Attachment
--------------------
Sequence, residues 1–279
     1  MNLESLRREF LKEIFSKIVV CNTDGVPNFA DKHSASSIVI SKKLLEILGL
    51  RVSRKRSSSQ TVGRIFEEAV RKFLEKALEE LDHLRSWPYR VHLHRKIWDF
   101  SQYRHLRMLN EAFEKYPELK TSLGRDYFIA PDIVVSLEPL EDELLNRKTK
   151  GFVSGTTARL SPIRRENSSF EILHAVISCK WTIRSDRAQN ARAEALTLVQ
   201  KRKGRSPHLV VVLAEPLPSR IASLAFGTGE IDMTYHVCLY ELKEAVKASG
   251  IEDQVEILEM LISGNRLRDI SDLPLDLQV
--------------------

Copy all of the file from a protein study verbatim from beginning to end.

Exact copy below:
Sequence, residues 1–279
     1  MNLESLRREF LKEIFSKIVV CNTDGVPNFA DKHSASSIVI SKKLLEILGL
    51  RVSRKRSSSQ TVGRIFEEAV RKFLEKALEE LDHLRSWPYR VHLHRKIWDF
   101  SQYRHLRMLN EAFEKYPELK TSLGRDYFIA PDIVVSLEPL EDELLNRKTK
   151  GFVSGTTARL SPIRRENSSF EILHAVISCK WTIRSDRAQN ARAEALTLVQ
   201  KRKGRSPHLV VVLAEPLPSR IASLAFGTGE IDMTYHVCLY ELKEAVKASG
   251  IEDQVEILEM LISGNRLRDI SDLPLDLQV